Summer BBQ: Try Spatchcocking a Chicken!

By Yosef Silver

Until recently, I’d never spatchcocked anything.  Not a turkey, nor a chicken, but I did know that this technique that is a nice way of saying “removing the backbone and laying the bird flat” is always a winning recipe. By laying the bird flat, it cooks evenly and stays moist.  Even the breast.

A spatchcocked, or butterflied, chicken cooks very well on the grill or in the oven and if you’ve ever heard of people referring to Brick Chicken, it’s a spatchcocked bird that has cooked under a foil-wrapped brick for an even quicker cooking time.

Now, this fancy word sounds like it’s a technique for the masters.  Let me tell you, it’s not.  I know this because since submitting our spatchcocked turkey at the Kansas City Kosher BBQ Festival in August, 2015 (and placing fifth), this has become my go-to method of roasting poultry.

Smoked spatchcocked turkey at the 2015 Kansas City Kosher BBQ Festival byTeam Epicurean Bite. The bird is covered in onions and garlic from our 36 hour French brine. 

Per our team shirts… “May you always be surrounded by good friends and great bbq.” To prove that this isn’t just a competition technique, I defrosted two of the delicious organic chickens that KOL Foods sent me and I made the perfect roast chicken dinner in about 45 minutes. KOL Foods are, in my humble opinion, the go-to company for all your organic chicken and meat.  Not only are they raising animals without pesticides and with organic feed, their entire operation is socially responsible.  Their facilities are LEED certified and they pay their farmers a livable wage.  I’ve written about KOL Foods a number of times and I am very public about my admiration for this company and as always, it’s an honor to work with them to bring you this post.

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Step 1: Defrost your chicken if frozen, pat it dry with a towel to remove any excess moisture.  This will help you get a crispy skin when you roast or grill it.  Lay the chicken on it’s  breast.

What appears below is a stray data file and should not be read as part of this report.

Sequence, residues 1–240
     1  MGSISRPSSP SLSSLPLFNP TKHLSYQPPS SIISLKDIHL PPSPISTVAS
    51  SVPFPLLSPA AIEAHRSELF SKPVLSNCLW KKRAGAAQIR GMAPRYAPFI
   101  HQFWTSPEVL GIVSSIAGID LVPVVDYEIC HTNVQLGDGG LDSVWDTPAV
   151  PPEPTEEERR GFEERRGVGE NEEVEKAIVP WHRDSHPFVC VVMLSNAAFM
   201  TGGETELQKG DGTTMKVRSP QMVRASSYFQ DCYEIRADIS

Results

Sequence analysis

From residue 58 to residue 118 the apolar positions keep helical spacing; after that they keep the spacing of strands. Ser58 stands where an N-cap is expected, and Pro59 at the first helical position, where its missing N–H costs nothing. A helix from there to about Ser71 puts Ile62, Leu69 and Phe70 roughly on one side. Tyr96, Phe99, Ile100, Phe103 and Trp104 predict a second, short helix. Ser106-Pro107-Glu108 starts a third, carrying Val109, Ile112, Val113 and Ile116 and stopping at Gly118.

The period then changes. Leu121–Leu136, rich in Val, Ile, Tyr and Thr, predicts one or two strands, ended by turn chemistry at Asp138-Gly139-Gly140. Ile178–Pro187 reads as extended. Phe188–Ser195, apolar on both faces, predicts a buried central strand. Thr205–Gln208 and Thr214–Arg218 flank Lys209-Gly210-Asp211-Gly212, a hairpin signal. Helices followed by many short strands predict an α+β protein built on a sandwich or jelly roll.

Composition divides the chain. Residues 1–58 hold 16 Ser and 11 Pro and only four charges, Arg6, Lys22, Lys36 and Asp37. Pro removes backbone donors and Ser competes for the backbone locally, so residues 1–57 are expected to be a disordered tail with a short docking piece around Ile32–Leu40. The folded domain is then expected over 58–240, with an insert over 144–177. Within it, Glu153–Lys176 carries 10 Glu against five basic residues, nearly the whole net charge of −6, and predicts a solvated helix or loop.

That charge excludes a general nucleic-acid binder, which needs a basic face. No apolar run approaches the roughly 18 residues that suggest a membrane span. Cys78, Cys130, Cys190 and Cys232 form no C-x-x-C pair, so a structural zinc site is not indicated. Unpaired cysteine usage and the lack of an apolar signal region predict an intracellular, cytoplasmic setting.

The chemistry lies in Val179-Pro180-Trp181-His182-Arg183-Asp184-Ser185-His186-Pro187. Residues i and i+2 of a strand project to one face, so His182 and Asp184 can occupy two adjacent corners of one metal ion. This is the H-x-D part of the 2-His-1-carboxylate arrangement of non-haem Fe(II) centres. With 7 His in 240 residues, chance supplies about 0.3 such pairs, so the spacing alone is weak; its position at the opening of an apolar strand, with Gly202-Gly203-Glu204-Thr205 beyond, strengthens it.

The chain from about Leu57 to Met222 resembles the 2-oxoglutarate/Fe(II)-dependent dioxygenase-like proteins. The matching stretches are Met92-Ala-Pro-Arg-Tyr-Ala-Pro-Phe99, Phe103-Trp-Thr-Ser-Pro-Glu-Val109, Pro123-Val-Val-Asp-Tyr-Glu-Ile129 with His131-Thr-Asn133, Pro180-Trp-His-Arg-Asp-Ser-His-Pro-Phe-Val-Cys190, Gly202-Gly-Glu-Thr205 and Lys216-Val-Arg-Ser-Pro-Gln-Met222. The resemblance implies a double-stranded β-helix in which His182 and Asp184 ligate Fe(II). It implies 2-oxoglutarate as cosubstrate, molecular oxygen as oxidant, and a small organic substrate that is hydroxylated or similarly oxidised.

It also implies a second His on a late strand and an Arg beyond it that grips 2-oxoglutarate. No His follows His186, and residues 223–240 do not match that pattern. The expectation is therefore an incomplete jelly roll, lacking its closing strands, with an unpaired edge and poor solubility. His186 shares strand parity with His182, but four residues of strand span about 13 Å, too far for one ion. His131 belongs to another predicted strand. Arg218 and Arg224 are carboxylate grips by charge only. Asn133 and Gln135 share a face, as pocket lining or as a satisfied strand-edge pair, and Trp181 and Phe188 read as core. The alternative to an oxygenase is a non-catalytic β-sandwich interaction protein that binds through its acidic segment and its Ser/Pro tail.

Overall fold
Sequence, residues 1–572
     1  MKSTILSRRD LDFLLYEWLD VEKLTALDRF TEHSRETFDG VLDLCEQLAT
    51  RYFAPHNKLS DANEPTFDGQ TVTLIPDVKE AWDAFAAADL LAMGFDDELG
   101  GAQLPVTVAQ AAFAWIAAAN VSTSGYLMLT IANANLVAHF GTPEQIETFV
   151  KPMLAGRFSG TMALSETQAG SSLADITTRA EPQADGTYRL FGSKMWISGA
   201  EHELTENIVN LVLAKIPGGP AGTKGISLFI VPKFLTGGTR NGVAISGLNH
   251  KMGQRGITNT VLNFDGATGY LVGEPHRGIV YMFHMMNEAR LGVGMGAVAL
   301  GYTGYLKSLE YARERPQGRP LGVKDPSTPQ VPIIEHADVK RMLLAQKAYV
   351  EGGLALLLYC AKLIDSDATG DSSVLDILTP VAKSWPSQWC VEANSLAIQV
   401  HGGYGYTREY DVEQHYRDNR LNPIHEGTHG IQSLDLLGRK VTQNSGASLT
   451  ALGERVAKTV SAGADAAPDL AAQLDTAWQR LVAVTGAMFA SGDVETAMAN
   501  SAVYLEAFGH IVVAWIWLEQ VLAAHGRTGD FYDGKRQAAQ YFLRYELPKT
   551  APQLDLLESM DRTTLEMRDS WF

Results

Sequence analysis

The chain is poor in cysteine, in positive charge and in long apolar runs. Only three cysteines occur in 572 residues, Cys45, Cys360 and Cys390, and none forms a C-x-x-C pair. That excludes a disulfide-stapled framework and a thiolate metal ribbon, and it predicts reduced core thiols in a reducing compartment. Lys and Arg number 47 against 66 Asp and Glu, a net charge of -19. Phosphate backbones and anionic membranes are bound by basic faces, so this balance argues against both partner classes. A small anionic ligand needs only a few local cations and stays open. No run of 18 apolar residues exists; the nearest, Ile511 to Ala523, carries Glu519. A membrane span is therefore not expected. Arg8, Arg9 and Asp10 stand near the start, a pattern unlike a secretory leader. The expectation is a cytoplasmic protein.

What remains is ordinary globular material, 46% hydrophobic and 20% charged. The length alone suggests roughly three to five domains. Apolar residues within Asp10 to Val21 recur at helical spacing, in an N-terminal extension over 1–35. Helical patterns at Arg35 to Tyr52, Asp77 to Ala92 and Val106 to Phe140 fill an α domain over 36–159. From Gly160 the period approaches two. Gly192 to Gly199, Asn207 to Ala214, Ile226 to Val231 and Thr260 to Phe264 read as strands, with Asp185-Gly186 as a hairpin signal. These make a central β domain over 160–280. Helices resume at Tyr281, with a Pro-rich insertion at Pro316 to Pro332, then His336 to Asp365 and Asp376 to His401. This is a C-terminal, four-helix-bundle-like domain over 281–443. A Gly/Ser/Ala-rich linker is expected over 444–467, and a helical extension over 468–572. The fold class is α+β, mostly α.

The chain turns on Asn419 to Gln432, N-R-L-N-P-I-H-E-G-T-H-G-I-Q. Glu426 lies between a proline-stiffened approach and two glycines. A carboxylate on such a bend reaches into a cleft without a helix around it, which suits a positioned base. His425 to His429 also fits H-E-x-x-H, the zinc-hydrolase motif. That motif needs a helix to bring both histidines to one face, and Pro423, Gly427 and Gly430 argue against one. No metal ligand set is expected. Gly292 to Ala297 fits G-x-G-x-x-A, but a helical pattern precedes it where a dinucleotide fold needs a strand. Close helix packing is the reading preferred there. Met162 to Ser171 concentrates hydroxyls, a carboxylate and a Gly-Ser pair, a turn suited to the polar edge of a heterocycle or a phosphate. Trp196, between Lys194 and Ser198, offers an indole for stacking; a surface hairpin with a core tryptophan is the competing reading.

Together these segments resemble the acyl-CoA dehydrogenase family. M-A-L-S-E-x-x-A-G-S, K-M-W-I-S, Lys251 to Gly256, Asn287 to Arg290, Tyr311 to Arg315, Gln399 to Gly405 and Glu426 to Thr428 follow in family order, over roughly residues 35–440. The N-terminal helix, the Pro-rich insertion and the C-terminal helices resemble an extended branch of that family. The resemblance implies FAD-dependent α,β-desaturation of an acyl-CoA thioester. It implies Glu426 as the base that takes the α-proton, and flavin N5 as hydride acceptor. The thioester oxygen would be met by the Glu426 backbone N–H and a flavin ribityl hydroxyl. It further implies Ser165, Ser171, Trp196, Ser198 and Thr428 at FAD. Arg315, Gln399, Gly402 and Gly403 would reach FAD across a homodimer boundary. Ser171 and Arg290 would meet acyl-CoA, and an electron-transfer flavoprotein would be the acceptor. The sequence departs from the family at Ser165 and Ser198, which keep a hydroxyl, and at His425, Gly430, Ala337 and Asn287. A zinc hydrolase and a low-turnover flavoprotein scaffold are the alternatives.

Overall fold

Step 2: By putting your fingers inside the cavity, feel for the edge of the backbone.  Cut along one side of the backbone, all the way across the chicken.  Repeat for the second side of the backbone.  Store the backbone and the neck for making soup or stock another time.

Step 3: Turn the bird over and use the palm of your hand to put pressure on the chicken breast to flatten the bird. Don’t worry if you hear bones crack.  That’s a good thing.  It means your chicken is laying flat and even.

Now that your chicken is flat on your baking tray, you can brine it for 24 hours (which is an excellent idea!) or simply season it with your favorite family recipe. This time, I used a garlic and zaatar blend which I applied to the chicken after drizzling it with a little chipotle infused olive oil.

Brining the chicken (optional):

If you let your chicken sit in a brine for a couple of days it's going to be full of flavor. Here's a recipe for one of my favorite brines.

1 bunch fresh thyme
1 bunch fresh rosemary
1 bunch fresh parsley
2 bay leaves
2 head garlic, cut in half horizontally, including the skin
1 onion, sliced, including the skin
2 shallots sliced, including the skin (optional)
3 tbsp black peppercorns, crushed
1 cup red wine vinegar or balsamic vinegar
1/4 cup olive oil

Combine all ingredients in a non-metallic pan large enough to hold the chicken. Cover and refrigerate for at least 24-hours, turning occasionally.

Grilling the chicken:

If you brined the bird, remove any sprigs of herbs before putting your chicken on the grill.  Pre-heat the grill to about 350 degrees then place the whole chicken, skin side down on the grill for 12-15 minutes then flip once the chicken skin is nice and brown. 

Continue to grill the chicken until the temperature of the thickest part of the breast reads 160 degrees F.  Remove from the grill and let the chicken rest for five to 10 minutes before serving.   If you cut the chicken without allowing it to rest, the juices along with their flavor will be lost rather than being absorbed by the chicken.  (If you remember just one thing from this post, it should be to always let your meat rest before serving!)

* If this is a last minute BBQ and you’re looking for succulent and juicy, evenly cooked chicken, you can do the “brick chicken” method. Place a brick wrapped in foil, or a cast iron skillet  on top of the flat chicken while it grills.

I’ve served this chicken with roasted butternut and polenta, or alongside basmati rice and dhal.

Yosef Silver is an enthusiastic food writer who shares his unique perspective on kosher cooking at This American Bite.  When out of the kitchen, Yosef is Director of  Strategy at Venta Marketing where he works with clients to make the internet better for everyone. Yosef lives in Overland Park, Kansas with his wife and three children. Share his adventures by following @yosefsilver on Instagram or @ysilver on Twitter.


A bit of shameless self-promotion, but I am right there with you on the chicken spatchcocking front!

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